Drive through any part of Uttarakhand, Punjab and Haryana, and chances of you coming across trees laid down in a perfect geometrical patterns, will be very high. Congenital as it appears, it has not been the case since ever. This fairly new tree which can be found being partnered with “Eucalyptus”, [ about which I de-mystified few myths in my last article ], has an interesting story to tell of “how it ended up in India.”
Wimco, well known for its match stick production units since 1920s, was doing well with the manufacturing till 1981, which is when they realised that the only source of their match stick business i.e. Semul is not capable of matching up with the market demands and growth. Looking out for available options, Wimco coordinated with Sweden based Hillashog AB to test the adaptability of “POPLAR tree “ in India.
The first such implantation took place in Uttar Pradesh in 1982 and Poplar came out with flying colours. Starting with first Poplar tree in 1982, today Wimco is the biggest and the only organisation which develops Poplar clones in India. Wimco since 1982 has been strictly and religiously working on the development of this entity, which has all the potential of supporting farmers and the ecology, contributing to the spirit of agroforestry.
If given a modest land, and a span of mere 8-10 years, then possibilities are, this fast growing tree will turn the space into a deciduous forest. But new clones are available which can save the years and a forest can be grown in as less as 5-7 years. [ more to be discussed in the next article of this series ] Other than contributing humongously in carbon sequestration, it gives raw product to 36 other industries including paper pulp & plywood industry. The latest report by IMARC Group titled, “Indian Plywood Market: Industry Trends, Share, Size, Growth, Opportunity and Forecast 2018-2023”, finds that the Indian plywood market reached a value of US$ 4.2 Billion in 2017, growing at a CAGR of nearly 5% during 2010-2017.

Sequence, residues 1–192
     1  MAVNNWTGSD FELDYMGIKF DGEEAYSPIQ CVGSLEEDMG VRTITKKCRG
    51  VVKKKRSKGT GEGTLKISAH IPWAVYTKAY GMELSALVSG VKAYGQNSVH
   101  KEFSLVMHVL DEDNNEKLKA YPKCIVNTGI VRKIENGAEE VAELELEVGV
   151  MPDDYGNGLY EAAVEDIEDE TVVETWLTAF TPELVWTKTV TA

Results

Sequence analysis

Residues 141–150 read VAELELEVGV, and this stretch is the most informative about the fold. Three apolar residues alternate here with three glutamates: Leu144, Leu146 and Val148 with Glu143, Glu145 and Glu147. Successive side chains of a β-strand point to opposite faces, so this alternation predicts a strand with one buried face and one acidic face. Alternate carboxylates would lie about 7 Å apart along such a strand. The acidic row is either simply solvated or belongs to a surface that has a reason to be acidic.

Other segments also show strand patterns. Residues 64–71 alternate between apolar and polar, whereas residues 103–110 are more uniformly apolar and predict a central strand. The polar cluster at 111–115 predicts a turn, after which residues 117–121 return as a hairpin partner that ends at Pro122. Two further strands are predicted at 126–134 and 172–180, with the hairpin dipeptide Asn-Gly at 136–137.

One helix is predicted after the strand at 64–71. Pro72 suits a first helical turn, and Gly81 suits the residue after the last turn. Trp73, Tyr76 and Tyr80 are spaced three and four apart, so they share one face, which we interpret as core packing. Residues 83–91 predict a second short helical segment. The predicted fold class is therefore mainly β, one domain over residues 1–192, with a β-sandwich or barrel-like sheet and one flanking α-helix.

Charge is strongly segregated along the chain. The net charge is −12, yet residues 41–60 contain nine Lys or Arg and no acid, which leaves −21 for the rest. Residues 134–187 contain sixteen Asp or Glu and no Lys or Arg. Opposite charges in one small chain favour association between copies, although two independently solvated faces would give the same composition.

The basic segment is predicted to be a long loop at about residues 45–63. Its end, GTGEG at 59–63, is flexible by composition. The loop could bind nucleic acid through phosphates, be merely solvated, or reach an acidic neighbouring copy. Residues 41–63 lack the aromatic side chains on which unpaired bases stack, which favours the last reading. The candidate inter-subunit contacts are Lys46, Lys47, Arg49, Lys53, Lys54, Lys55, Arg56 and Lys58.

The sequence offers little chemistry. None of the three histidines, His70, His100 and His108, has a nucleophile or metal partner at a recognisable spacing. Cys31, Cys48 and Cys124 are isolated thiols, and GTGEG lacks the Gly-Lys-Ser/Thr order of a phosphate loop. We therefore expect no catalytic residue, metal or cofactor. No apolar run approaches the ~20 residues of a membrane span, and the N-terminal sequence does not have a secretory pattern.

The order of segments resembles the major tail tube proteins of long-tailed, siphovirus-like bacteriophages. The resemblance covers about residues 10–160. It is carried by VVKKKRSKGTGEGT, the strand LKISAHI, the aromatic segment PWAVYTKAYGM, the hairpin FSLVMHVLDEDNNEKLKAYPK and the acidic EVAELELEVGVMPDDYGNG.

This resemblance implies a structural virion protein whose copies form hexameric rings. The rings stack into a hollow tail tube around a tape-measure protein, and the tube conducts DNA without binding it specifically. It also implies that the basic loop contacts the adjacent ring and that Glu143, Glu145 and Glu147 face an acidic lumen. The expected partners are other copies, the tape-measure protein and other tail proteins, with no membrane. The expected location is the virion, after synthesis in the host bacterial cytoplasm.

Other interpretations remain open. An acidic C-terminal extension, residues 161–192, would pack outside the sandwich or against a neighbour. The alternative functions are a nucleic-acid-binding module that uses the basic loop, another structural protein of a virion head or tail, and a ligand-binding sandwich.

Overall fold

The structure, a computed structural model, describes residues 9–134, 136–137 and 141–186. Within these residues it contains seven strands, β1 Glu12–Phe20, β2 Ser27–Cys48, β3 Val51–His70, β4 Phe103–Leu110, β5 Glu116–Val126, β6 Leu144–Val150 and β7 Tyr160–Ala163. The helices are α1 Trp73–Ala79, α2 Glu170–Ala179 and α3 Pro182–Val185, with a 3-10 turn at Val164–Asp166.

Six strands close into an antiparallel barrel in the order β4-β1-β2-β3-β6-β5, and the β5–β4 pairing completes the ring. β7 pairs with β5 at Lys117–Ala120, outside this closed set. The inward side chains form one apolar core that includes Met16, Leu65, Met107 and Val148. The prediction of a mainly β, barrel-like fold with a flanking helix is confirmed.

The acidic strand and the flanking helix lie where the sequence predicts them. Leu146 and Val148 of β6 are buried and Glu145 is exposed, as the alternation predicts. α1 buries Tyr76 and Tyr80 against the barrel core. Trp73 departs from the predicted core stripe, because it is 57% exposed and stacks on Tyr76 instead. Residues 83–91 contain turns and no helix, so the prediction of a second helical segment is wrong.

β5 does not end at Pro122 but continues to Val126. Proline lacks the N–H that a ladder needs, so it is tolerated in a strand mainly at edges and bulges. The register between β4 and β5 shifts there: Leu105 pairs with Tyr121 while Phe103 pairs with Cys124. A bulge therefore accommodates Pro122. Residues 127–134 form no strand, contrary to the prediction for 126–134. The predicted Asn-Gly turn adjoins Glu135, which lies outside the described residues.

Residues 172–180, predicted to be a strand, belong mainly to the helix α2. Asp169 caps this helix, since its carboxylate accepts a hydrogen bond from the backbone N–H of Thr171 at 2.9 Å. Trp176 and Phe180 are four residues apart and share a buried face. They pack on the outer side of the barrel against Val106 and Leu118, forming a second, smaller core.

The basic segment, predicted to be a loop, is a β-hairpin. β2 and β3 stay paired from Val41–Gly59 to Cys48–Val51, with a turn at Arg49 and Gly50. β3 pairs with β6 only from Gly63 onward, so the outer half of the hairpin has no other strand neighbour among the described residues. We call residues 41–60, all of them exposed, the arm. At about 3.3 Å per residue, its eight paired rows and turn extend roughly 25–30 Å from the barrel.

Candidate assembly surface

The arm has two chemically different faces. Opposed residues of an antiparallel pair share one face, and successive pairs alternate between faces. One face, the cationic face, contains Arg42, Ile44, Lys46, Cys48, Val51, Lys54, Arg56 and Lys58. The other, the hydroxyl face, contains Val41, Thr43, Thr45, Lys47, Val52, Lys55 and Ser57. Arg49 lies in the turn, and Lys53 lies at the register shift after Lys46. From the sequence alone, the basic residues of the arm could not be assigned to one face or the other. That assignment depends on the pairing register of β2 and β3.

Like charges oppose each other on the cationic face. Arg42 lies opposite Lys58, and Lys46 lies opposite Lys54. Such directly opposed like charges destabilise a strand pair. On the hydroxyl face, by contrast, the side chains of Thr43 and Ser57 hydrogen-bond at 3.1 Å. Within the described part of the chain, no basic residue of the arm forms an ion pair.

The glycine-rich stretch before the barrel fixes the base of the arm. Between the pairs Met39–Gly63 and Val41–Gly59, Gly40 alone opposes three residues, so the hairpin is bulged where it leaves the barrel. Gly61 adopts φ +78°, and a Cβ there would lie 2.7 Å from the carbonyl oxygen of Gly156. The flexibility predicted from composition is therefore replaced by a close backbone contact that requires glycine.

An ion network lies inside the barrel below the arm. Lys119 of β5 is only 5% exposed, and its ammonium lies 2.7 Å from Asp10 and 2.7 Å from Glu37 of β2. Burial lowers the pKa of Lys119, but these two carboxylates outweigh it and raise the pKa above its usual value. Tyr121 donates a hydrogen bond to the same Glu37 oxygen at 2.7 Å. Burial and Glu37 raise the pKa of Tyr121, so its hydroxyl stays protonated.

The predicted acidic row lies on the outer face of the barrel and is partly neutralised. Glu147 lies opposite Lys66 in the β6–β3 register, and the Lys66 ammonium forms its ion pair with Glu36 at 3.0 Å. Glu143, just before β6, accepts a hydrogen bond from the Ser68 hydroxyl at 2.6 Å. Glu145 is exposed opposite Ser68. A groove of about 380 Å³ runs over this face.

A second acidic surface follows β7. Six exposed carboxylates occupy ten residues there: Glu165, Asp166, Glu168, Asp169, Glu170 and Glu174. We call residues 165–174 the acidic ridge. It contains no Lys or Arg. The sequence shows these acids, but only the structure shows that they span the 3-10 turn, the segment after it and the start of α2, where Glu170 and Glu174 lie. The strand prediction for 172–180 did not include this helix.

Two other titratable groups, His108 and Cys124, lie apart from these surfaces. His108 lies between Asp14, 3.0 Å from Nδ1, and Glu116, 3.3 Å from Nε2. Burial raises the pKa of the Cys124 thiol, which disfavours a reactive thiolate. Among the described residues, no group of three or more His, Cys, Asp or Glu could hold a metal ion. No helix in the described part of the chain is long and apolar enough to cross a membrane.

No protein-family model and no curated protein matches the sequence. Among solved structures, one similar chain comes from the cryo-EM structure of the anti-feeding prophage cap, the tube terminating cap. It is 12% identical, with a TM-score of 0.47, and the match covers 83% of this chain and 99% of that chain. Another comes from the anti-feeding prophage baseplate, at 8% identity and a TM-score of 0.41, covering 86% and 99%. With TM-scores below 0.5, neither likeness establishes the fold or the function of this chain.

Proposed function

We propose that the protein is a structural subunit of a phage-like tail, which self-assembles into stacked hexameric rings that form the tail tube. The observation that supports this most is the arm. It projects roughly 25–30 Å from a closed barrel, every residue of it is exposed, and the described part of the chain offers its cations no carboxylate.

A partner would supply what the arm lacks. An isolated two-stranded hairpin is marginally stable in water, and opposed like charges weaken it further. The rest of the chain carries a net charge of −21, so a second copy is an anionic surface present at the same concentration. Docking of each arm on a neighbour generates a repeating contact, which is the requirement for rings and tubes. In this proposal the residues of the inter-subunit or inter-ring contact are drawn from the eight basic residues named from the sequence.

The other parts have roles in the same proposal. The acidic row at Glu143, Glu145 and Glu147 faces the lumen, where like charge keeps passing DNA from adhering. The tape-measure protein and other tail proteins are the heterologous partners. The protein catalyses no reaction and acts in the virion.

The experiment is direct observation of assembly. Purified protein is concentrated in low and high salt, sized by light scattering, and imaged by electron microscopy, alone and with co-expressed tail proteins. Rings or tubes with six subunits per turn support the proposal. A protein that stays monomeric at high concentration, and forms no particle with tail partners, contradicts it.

Indian paper industry accounts for 3 percent of world’s paper production with a turnover of Rs. 500 billion approximately and contribution to exchequer Rs. 45 billion. The industry has been growing sufficiently over the last few years but not at desired rate. Demand for paper has been growing at around 8 percent per year for some time and the production grew at CAGR of 13.3 percent during 2011-15. According to the industry estimates, the domestic market or consumption of paper is over 16 million tonnes, with over 2 million tonnes being imported. Such data simply put, trees like poplar could be a great long term investment.
Rudrapur region of Uttarakhand, is no less than Mecca of poplar tree, being located in the most appropriate latitude of 28 – 32 degrees, and having its proximity to the only poplar research centre, Wimco Ltd., and 300 km from the largest wood market in Asia, Yamuna nagar. Farmers in this region have been surrendering their land to poplar since decades. After the National Agroforestry Policy was launched in 2014, a lot of these farmers had their hopes high from this sector, anticipating the government’s unassuming support.
The prices of poplar touched as high as Rs. 1100 / quintal in 2015, and a year back, the prices succumbed at around Rs. 300/ quintal. In 2018, the prices again started to rise up and the farmers again see a light of hope & profit in agroforestry, however, they are not very sure of the prophecy.
In my next article, I shall bring to you what the farmers have to say, how can agroforestry be made profitable and what does the second biggest paper manufacturer of India, ITC think about the condition of the market and the scope of profit in agroforestry in the country in the next few years.